Freedom House has downgraded its ranking of Israel’s media from ‘free’ to ‘partly free,’ citing closer ties to the government and a spike in paid media content. But it has one flagrant omission: Israel’s poor treatment of Palestinian journalists.
By Lisa Goldman
Freedom House, the U.S.-based watchdog NGO that reports on the state of civil liberties around the world, has downgraded its ranking of Israel’s media from “free” to “partly free” in its 2016 Freedom of the Press Report. The authors of the report cite the influence of the free daily newspaper Israel Hayom, which is owned and subsidized at a huge loss by American casino billionaire Sheldon Adelson, who is an unabashed patron of Prime Minister Benjamin Netanyahu. Israel Hayom pursues an editorial agenda that is overtly partisan toward Netanyahu, which is why it is often referred to as the “Bibiton,” a portmanteau of the Hebrew word for “newspaper” and the Israeli leader’s nickname, Bibi. The report also cites the “unchecked expansion” of paid media content, which is not always clearly identified. It notes that this paid content is sometimes funded by the government.
In 2014 Israel’s media was back up to “free” status, along with the perennial note that it has the freest media in the region, where not one country’s media is ranked “free.”
The free/partly free ranking is a matter of just a few points in their methodology, pointed out Freedom House’s Sarah Repucci, who heads up the publication of the annual Freedom of the Press Report. She added, “We use detailed methodology. Israel shifted only two points this year.”
There was some outrage in right-wing circles over the downgrade, with Washington Post columnist Jennifer Rubin quoting a couple of DC-based neo-cons to support her claim that the report was an example of anti-Israel bias.
Leaving aside the all-but inevitable expressions of outrage from the Israel advocacy crowd over any criticism of Israeli policy or society, a more detached observer might note that there is no mention in the Freedom House report of Palestinian journalists. On the one hand this makes sense, since Palestinian residents of the occupied territories are not citizens of Israel. But on the other hand, Palestinian journalists work in territory that is controlled by Israel. And they do not have any of the legal protections afforded to their Israeli colleagues working in the same territory.
In tangible terms, this means that Palestinian journalists going about their jobs reporting in the field are regularly subjected to verbal harassment, physical assault and arrest without charge at the hands of Israeli soldiers. In these cases, they can technically file a complaint — but there has never been a case of an Israeli soldier seriously censured for assaulting a Palestinian journalist.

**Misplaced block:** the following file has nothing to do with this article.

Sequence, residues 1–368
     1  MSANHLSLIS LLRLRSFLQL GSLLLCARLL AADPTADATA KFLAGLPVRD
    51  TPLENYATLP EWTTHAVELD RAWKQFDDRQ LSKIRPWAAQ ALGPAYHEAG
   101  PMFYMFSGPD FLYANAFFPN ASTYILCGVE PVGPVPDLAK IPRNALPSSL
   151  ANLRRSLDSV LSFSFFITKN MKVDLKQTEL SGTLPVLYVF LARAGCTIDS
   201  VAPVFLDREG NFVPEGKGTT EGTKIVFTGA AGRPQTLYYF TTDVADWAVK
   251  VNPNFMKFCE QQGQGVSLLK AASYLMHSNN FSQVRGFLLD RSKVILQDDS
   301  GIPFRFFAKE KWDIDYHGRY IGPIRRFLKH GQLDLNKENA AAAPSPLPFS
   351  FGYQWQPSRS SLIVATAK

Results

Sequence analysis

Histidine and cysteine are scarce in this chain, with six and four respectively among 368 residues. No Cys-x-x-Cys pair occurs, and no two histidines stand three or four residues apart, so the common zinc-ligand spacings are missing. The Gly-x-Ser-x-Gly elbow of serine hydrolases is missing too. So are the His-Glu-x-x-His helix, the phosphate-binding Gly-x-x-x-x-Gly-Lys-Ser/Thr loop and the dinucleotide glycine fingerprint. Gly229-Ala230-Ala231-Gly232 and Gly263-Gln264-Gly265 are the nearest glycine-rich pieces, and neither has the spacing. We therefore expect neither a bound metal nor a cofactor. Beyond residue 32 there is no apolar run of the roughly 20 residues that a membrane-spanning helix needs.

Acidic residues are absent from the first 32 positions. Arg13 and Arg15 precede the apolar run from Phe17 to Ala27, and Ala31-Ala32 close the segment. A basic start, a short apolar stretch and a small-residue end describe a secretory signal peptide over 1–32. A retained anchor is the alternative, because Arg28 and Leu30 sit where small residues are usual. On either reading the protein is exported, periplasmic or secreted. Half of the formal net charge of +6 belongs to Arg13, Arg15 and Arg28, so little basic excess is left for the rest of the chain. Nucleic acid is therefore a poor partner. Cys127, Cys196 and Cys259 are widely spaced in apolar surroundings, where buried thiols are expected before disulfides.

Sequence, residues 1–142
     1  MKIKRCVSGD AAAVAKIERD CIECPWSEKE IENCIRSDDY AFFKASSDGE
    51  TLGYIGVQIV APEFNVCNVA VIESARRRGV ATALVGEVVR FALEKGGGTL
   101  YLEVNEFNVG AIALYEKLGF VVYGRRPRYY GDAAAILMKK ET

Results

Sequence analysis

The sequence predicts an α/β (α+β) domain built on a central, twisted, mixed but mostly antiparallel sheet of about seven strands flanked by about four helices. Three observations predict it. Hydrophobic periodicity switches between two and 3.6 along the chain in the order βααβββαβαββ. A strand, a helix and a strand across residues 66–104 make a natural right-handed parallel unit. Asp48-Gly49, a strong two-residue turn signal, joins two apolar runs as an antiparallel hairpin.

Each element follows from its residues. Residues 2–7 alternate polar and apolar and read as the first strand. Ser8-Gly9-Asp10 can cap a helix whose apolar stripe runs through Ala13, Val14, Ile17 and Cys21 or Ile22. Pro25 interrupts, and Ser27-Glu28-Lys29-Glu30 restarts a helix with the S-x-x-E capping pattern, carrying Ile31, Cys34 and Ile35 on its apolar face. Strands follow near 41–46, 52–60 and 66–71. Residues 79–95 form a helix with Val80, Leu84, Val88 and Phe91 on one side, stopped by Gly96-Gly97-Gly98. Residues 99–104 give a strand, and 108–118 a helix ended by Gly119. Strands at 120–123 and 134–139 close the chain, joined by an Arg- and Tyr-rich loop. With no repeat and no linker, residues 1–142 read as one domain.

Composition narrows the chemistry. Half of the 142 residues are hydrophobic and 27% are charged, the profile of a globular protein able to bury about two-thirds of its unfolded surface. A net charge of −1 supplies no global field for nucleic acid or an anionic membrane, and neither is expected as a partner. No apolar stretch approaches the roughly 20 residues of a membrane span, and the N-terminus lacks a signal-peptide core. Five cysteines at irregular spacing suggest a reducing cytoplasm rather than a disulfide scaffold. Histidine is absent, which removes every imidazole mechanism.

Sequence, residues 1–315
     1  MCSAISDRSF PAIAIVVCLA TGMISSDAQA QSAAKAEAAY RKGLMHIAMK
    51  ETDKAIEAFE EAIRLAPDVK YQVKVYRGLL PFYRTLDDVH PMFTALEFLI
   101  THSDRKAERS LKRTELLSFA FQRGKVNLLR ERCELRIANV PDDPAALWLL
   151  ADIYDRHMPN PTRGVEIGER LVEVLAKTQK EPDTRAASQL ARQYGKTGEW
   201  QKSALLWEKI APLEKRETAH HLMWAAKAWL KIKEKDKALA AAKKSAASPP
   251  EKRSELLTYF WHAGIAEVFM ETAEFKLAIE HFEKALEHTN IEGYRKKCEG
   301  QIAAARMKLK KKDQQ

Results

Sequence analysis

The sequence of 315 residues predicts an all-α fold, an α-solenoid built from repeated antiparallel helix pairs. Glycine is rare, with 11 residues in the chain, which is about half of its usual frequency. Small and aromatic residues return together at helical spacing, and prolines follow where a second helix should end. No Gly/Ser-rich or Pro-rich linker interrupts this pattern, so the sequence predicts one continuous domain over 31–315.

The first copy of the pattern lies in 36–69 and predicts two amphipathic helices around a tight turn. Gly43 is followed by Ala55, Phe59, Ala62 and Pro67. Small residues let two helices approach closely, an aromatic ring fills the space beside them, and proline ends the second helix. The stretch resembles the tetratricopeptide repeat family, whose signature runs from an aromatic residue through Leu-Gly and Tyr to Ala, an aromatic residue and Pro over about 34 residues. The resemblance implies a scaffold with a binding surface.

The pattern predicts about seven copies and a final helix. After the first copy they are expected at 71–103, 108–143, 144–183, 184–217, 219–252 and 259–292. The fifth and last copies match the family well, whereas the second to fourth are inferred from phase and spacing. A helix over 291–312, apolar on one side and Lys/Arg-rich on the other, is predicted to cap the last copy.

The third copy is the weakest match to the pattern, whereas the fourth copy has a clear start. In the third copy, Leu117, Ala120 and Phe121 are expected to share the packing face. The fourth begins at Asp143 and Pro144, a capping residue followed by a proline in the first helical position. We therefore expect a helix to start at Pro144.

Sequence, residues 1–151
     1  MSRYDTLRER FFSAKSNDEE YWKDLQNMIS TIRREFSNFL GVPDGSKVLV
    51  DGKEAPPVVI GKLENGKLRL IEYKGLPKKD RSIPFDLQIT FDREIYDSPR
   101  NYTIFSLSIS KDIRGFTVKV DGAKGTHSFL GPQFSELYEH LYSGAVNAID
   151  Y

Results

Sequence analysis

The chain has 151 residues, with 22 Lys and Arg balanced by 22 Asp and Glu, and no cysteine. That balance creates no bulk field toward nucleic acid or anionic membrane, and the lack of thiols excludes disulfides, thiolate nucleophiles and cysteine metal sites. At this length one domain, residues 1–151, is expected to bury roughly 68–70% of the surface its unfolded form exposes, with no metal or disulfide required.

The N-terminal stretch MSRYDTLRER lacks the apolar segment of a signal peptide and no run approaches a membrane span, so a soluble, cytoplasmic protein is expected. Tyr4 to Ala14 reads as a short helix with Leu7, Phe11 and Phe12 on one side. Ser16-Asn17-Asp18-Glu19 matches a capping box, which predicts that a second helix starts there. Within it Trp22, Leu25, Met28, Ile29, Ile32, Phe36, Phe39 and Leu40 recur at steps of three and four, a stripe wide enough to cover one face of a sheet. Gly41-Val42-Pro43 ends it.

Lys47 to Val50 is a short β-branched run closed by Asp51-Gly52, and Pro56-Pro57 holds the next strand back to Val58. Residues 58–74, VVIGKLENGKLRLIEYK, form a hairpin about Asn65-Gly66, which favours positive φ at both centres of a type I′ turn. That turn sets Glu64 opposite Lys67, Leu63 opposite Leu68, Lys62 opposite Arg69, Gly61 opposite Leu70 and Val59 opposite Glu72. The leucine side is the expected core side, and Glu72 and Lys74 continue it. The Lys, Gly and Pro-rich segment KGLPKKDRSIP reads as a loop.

Nor has there been any serious diplomatic blowback for Israel having arrested and detained without charge Palestinian journalists for months on end. Mohammed al-Qiq is a particularly egregious recent example. The 33-year-old Ramallah-based journalist recently ended a 94-day hunger strike to protest his having been arrested and detained indefinitely without charge under the laws of administrative detention. Also, the Palestinian Authority recently stated that there are currently 19 Palestinian journalists in Israeli custody.
A more quotidian incident of assault and/or harassment of Palestinian journalists at the hands of the Israeli military includes an October 2015 incident, recorded on video, that shows an officer in the Border Police casually walking over to a group of cameramen recording a West Bank demonstration and spraying them directly in the face with pepper spray. A medic who tried to treat the pepper spray victims was also assaulted and so overcome that he himself had to be hospitalized.
Incidents of these type occur quite regularly. In September 2015, soldiers assaulted two AFP reporters, including one Palestinian, who were covering a demonstration in a West Bank village. There are many videos on YouTube that show Israeli soldiers harassing Palestinian journalists for various media outlets, including female journalists, as they do live standups. In these cases there is absolutely nothing the victimized journalist can do. Complaining to the soldiers will almost certainly result in physical violence or arrest, with the soldiers accusing the Palestinian of instigating the assault. And if these cases do go to court they are tried in Israeli military court, where Palestinians are convicted at a rate of over 99 percent.
Israeli soldiers also frequently raid and shut down Palestinian media outlets, including the 2012 shut down of a Palestinian-Israeli initiative called Voice of Peace. And there have been many more recent incidents. In November 2015, security forces raided and shut down a Ramallah radio station called Al Hurria. And in March 2016 another Ramallah-based radio station, Palestine Today, was raided and shut down on orders of the Shin Bet, Israel’s domestic security service. Ramallah is, of course, in Area A — which is, according to the now all-but-fictional Oslo Accords, under the sovereignty of the Palestinian Authority.
Looking at these incidents in the aggregate, one could argue that Freedom House actually pulled its punches in its report about the Israeli media. Because while it is true that journalists who are citizens of Israel do have legal protections when they’re dealing with soldiers in the field, Palestinian journalists do not. They are without rights or legal recourse. And while they are not citizens, they are indisputably under Israeli control.